Photo credit: Filma Production
At Enabling Devices, we’re all about finding ways for individuals with disabilities to access life’s peak experiences. That’s why we were so excited when we learned about the invention of a new adaptive cockpit that allows wheelchair users to experience the thrill of flying through the “Microsoft Flight Simulator,” a series of flight simulator programs for Microsoft Windows operating systems.
The cockpit was created during the Microsoft Global Hackathon at the Israel Garage – one of 12 spaces all over the world where hackers, makers and innovators envision solutions to local and worldwide challenges. The Garage team was assisted by engineers at the Microsoft Israel R&D (research and development) Center. Previous Microsoft Garage creations include the Xbox Adaptive Controller, Eye Control for Windows 10, and Seeing AI.
The adaptive cockpit is wheelchair accessible, providing adequate space for motorized or regular wheelchairs and room for a copilot. It includes “a portable aluminum structure and three monitors that provide a 180-degree, panoramic viewing angle for the pilot,” writes Suzanne Choney, a writer for the Microsoft News Center.
“From their cockpit perch, they fly alongside birds over oceans, urban landscapes, forests carpeted with trees and golden deserts. … cables are hidden so they don’t get in anyone’s way. The cockpit doesn’t require using a keyboard, except for a sign in, which can be done by a staff member. Players use a hand-operated throttle and joystick to maneuver the plane. While that can be an issue for patients whose hands are not agile, the team modified the joystick’s sensitivity to allow for easier distance control.”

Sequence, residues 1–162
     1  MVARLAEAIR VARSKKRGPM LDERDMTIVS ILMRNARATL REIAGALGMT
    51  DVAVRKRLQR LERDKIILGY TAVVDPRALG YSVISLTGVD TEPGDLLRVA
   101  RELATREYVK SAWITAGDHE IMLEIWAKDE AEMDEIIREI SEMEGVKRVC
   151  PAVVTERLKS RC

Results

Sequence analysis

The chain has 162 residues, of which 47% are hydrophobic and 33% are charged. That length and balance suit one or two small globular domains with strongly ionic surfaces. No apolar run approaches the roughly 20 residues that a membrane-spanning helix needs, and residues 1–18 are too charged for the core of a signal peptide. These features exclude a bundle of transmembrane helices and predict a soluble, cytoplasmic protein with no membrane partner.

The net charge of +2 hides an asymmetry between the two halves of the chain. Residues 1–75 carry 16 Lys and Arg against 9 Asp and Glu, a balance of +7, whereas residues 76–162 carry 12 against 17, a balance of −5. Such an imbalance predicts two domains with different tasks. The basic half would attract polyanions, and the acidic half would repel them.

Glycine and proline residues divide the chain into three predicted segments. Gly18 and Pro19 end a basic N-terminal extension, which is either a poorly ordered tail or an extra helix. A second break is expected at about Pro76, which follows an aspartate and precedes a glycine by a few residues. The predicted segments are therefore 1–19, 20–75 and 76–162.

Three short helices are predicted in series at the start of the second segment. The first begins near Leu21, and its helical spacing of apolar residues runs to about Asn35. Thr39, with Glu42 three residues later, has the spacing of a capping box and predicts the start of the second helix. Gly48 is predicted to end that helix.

After development of the adaptive cockpit was complete, its first stop was ALYN Hospital, a pediatric rehabilitation center in Jerusalem, where 13-year-old Etai Rimel had the opportunity to try it out. Etai lost his leg and sustained brain injuries after he survived a catastrophic car accident. With a professional pilot at his side, Etai was able to experience the sensation of flying over his home from the adapted cockpit. After the virtual flight, the teen said, “It was a once-in-a lifetime experience to be able to fly wherever I want. …I really enjoyed controlling the machine. For a whole hour, I was in a very different world from my everyday life, like a free bird, like escaping from reality.”
The cockpit’s next landing was at a site that is part of the House of Wheels, an Israeli nonprofit day center for young people with disabilities. There, Netanel Gvili and Yaniv Wanda, both twentysomethings with cerebral palsy, had the opportunity to give it a whirl. After using the flight simulator, Gvili said he enjoyed the feeling of independence that the simulated flight offered.
“I can choose where to fly. How to fly. It really simulates a flight. Computer games are not new to me, but all of the additional connected devices with the adaptive cockpit are really cool.”
Clinicians say the cockpit is therapeutic for users.
“The Microsoft cockpit is especially helpful since it involves hand-eye coordination,” says Dr. Maurit Beeri, director general of ALYN. “It’ll give the child an experience of occupational therapy, speech therapy, concentration, cognitive development – and most importantly, it’s fun.”